The FOTODOK Book Club is the podium for stories from photo books. In this Paris Edition live talkshow, photographer and photobook lover Rob Hornstra interviews the storytellers – photographers, designers and publishers. They share special stories on a variety of subjects from their latest photobooks.
During this 27th edition, the Book Club wil be organized for the first time outside the Netherlands in Atelier Néerlandais in Paris where the FOTODOK exhibition Earthlings can be seen. Rob Hornstra will talk to Bieke Depoorter, Rahim Fortune and Rafal Milach about their latest publications.
We hope to see you in Paris but we will livestream the Book Club too!
Bieke Depoorter – Agata
In October 2017, Bieke Depoorter met Agata in a strip club in Paris. Over the next three years, Bieke and Agata collaborated intensely, creating a small alternative universe that served as a container for them to explore questions they each had regarding identity, performance, and representation. The result is a project that never lands on any sort of conclusive truth, instead highlighting the slippery nature of truth in situations where power, responsibility, and control are in a constant state of flux.
This book’s design is, like the dynamic it examines, complex and constantly shifting. Its contents are laid out chronologically, and the book is Japanese bound, with perforations on the fold. This leaves the reader with the choice of whether to tear open the pages and see a hidden story; alternative narratives, versions of truth that do not fit squarely with the truth the photographer originally presents.
Rahim Fortune – I can’t stand to see you cry
Rahim Fortune’s father appears in only one photograph in “I can’t stand to see you cry,” but he is the book’s animating presence. The portrait shows the older man propped up in bed, with an oxygen tube over his nose, gripping his son’s hand, which reaches out from behind the camera. Fortune took it last spring, when he returned from Brooklyn, where he lives, to his home town of Kyle, Texas, outside of Austin, to help care for his father in the final months of his battle against A.L.S. Fortune, who is twenty-seven, found himself in the new role of caretaker, as the covid-19 pandemic was accelerating and protests against police killings were spreading across the country. Between shifts at his father’s bedside, he took his camera into the streets of a city that he knew intimately but which he now set about photographing with a new urgency born of his dad’s illness.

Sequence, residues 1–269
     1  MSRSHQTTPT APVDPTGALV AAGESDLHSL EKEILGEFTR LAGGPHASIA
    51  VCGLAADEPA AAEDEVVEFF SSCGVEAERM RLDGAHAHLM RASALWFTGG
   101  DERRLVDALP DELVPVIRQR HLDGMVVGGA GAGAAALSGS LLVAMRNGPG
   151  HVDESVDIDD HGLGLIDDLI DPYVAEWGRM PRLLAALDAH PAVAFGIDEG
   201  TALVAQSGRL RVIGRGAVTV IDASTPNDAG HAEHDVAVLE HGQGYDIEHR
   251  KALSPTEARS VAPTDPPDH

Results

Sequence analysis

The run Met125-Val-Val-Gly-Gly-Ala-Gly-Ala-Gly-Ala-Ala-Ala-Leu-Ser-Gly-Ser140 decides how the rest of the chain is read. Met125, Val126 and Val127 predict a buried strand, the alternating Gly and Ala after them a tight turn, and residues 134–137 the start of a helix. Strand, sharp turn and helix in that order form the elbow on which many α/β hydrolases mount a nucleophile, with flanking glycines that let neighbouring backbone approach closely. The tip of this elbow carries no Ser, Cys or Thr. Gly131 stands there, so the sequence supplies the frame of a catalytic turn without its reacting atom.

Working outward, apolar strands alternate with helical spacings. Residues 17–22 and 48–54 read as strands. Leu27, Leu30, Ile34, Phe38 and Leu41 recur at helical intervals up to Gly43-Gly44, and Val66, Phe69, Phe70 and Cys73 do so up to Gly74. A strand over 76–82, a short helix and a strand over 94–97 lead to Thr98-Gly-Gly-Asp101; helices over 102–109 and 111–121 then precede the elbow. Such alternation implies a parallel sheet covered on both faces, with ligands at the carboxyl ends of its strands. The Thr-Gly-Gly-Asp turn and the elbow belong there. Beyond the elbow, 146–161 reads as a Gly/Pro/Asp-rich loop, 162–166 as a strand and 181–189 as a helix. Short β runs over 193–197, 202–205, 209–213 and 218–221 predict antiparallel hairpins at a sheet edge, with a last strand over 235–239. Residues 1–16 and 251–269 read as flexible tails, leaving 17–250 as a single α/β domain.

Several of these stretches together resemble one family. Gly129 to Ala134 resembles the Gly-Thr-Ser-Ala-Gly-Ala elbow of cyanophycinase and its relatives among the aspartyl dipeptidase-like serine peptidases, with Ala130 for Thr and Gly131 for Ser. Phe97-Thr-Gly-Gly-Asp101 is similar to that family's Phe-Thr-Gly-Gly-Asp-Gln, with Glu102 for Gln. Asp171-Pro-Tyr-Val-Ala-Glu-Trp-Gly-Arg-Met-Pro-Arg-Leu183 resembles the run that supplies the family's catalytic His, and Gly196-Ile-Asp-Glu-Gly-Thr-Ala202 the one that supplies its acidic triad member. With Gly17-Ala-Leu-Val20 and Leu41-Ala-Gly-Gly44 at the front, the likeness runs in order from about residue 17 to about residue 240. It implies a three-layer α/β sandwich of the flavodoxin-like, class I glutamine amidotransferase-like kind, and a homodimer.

“Pointing the camera into the abyss—that’s what that energy was,” he told me recently. “All the moments that I was away from the house, I was just thinking about him. And everything was intentional. There were no wasted movements.”
Rafal Milach – Strike
Since 2019, Milach, together with sixteen fellow photographers, has been a co-creator of the Archive of Public Protests (APP), a platform for gathering documentation of social actions and grassroots initiatives that have opposed political decisions executed in violation of principles of democracy and human rights. Strike is a piece of this archive.
Strike is a visual record of the protests that began across Poland on October 22, 2020, and which persisted in various forms over the ensuing months. Strike examines one of the most significant formation processes contemporary Polish society has experienced.
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